The Captured Data Looks Incorrect

Before troubleshooting any further, please make sure you are using the latest version of Logic software.

Below is a list of all known reasons and corresponding solutions or next steps that can cause this particular issue. Please check each one, skipping any items that are not relevant (such as issues specific to an operating system you are not using).

For each item, first perform the test. If the test result is positive (the test condition was met), then attempt the corrective action.

The Capture Fails with an Error Message

If the issue you are experiencing is that some or all of your capture attempts immediately fail with the error message shown in the link below, please read the below article.

pageError Message: ReadTimeout

The Captured Data is Corrupted

If the software is able to capture data, but the captured data looks random or completely incorrect:

  1. Make sure the software detects the Logic hardware properly (the top bar of the software should display "Connected").

  2. Check your USB Host Controller driver. There is a known issue with VIA USB host controllers. See below.

pageThe Captured Data is Corrupted

The Analog Capture Looks Extremely Noisy

Even with the Logic hardware inputs disconnected, the analog capture may look like the image below. The solution is to simply download the latest version of Logic software. We made some incremental changes to the Logic hardware (no new functionality) that makes it incompatible with Logic software versions prior to 1.2.15.

Check the Ground Connection

Please verify the following:

  • At least one ground pin from the logic analyzer is connected to the ground on your device under test.

  • Verify that the wire you are using is the ground wire from the logic analyzer. On the new units, the ground wire is black with black heat-shrink and no label. On the older units, the ground wire is grey and has a white label with "ground" printed on it.

Check to See If the Device Records Correctly when No Signals Are Connected

  • Test: Remove the wire harness(es) from the front of the device so all inputs are floating and no grounds are connected. Perform a short capture using all channels at any sample rate.

    If you are using the original Logic (8 channel, digital only), then all signals should be high during the duration of the capture.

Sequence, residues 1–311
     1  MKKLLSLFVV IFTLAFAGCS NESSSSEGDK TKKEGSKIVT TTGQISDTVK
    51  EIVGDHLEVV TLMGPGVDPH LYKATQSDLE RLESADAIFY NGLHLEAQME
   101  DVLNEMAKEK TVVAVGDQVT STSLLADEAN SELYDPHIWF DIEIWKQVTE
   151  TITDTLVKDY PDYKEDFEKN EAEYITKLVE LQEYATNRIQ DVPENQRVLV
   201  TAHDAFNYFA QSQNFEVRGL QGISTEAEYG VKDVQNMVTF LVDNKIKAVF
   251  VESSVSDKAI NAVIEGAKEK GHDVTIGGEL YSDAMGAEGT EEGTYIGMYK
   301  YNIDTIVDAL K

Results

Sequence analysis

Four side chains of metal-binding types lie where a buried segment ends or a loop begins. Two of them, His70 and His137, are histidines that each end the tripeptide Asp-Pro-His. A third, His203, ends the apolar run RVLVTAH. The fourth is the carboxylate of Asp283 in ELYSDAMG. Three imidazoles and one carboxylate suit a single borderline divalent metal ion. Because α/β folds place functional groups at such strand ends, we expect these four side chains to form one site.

If you are using any of the other devices (Logic16, Logic 4, Logic 8, Logic Pro 8, or Logic Pro 16), all inputs should be low.

    All analog channels should be approximately 0 volts, +/- 0.02 volts. If any of the signals are off by as much as 0.2 volts, that could mean a calibration problem. If any analog signal is off by more than 0.2 volts, it could indicate device failure.

  • Corrective Action: Contact support about a warranty repair or replacement.

Perform a Basic Channel Functional Test

  • Test: If you are using a Logic16, Logic 4, Logic 8, Logic Pro 8, or Logic Pro 16, you will need a voltage source, preferably between 3.3 volts and 5.0 volts.

    If you are using the original Logic (8 channels, digital only), you do not need a voltage source.

    Set up a capture on all channels (digital and analog) and set the recording time for 15–30 seconds. Make sure to set the analog sample rate to a low setting, preferably 1 kSPS. Any digital sample rate is acceptable.

    Start a capture. During the capture, take each input, one at a time, starting with input 0 and going in order to the last input, and short that input to the voltage source (or a ground pin in the case of the original Logic).

    You can end the capture early if you finish before the capture completes. If you are unable to finish testing all the channels within the capture time, either repeat the process faster or extend the capture time.

    In the capture, verify that each channel is initially low (high in the case of the original Logic.) Verify that only one channel goes high at a time and that the channels go high in order from 0 to the last channel. Make sure that none of the high pulses are out of order, such as channel 2 going high before channel 1. Note that since the original Logic's inputs are pulled up internally and the test is performed with ground, the pulses in question should be low and not high. If the device used has analog channels, make sure the analog channels display the same behavior.

  • Corrective Action: Any issues in the recorded capture could indicate damaged input buffers, shorted channels, or other problems. If any results found are unexpected, please contact support about a warranty repair or replacement.

Verify That the Load Impedance of the Logic Analyzer Will Not Interfere with Your Circuit